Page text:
Handling Page Headings/Titles/Names
There are multiple possibilities to handle the page name / page title / first h1 heading in a wiki engine.
MoinMoin changed the strategy with version 1.5.0, but some of the default content and some of the themes were not yet adjusted accordingly.
This is a place for discussion, not official guidelines (see ThemeGuidelines), feel free to use this page as you like.
Terms used in this page
- page name
the name used to store and wiki-link the document, e.g.: WhyWikiWorks
- page url
typically derived from the page name for example: http://example.com/wiki/WhyWikiWorks
- page title
- the title of the document, e.g.: "Old News: Why Wiki Works!". Traditionally, the page title is the page name. Some wikis add spaces to page names in the title to make theme more readable.
- This is not the html title element, although typically the html title element contains the page title. When automated tools process a page, they look for the page title. For example, when you submit a link to reddit.com, the page title is used as the default title.
- The page title is typically displayed in html h1 element
This page has a page title of Handling Page Headings/Titles/Names as defined by the first h1 in the page content
- a multi-level element (h1..h6 in html) you use to describe what some (following) (sub)section of the document is about
- navigation area
- output generated by the theme to ease navigation for the user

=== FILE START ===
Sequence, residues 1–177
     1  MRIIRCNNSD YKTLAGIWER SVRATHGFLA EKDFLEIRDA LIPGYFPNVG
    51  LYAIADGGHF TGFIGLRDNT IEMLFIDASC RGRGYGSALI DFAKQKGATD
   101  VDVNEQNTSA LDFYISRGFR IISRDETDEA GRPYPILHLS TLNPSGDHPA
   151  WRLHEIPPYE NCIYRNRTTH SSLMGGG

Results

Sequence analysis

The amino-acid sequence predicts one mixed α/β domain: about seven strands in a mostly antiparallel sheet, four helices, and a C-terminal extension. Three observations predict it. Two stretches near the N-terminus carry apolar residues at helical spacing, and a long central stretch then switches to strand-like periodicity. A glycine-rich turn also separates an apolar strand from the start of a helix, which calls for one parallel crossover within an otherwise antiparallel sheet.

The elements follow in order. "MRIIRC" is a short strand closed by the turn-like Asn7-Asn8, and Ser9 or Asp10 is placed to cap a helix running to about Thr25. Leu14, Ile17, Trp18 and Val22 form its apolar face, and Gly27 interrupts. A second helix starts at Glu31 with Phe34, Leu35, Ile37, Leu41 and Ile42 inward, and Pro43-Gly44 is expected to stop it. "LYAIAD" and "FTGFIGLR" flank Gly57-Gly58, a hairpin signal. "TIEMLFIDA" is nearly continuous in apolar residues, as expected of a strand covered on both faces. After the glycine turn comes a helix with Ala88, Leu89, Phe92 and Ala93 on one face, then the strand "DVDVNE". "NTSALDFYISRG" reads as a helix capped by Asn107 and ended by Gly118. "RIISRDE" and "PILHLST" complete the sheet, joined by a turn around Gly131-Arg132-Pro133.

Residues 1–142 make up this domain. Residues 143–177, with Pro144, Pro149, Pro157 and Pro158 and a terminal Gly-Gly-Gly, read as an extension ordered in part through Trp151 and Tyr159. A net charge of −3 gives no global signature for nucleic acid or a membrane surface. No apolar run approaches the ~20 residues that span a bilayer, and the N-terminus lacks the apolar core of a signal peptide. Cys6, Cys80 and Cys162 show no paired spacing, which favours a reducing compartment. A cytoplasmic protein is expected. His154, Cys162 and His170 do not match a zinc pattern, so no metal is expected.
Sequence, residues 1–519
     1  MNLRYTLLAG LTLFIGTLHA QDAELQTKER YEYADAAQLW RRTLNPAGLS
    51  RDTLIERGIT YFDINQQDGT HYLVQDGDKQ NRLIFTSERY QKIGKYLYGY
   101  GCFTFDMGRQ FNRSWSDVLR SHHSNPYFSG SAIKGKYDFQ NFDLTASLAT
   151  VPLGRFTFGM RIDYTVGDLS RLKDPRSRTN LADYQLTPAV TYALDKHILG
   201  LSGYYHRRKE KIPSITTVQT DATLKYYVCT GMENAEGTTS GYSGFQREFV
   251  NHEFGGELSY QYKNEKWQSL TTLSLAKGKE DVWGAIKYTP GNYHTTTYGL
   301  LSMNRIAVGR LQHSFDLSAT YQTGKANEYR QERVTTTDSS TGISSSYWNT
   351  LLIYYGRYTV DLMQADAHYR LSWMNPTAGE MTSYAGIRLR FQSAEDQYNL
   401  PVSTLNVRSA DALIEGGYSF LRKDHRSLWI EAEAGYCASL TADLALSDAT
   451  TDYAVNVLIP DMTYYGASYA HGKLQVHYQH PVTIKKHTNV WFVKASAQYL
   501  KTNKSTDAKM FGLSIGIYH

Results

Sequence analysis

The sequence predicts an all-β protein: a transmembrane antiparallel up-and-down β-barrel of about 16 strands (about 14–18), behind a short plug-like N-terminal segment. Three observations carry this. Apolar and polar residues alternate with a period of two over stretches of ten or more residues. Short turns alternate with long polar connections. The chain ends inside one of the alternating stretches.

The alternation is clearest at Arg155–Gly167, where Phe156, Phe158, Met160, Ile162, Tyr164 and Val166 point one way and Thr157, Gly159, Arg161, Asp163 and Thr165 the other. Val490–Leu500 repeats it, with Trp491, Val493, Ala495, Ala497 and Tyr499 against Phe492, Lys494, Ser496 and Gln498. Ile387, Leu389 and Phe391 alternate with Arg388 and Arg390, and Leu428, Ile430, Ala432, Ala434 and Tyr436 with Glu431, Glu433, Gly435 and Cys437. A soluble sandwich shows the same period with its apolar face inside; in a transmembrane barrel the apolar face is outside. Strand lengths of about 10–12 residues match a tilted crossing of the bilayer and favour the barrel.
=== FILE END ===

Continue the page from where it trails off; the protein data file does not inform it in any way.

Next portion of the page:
- content area
- output generated from content the user typed into the document
Heading is explicitely stated in the page contents
This is the MoinMoin default with the "modern" theme since 1.5 (also done this way by Trac wiki engine).
The user puts a single = Why Wiki works! = heading in his content and this generates the top h1 heading. Whether this is the only h1 heading (and everything else is h2+) is the user's decision (it is content - your content!). You can also choose to not have any headings at all on your page, e.g. on the RecentChanges page, you might want to have as much space as possible for the rc table.
- the page contents are clearly separated from navigation
- I don't see how it effect the separation, and why the separation is needed
- h1 heading is under full user control done with normal heading markup without requiring additional processing instructions / other hacks
= h1 heading =, == h2 heading == not = h2 heading =, === h3 heading ===
- May be considered a disadvantage, as it leads to inconsistent interface - some pages have a title some don't. From accessibility pov, each page should have a h1 title.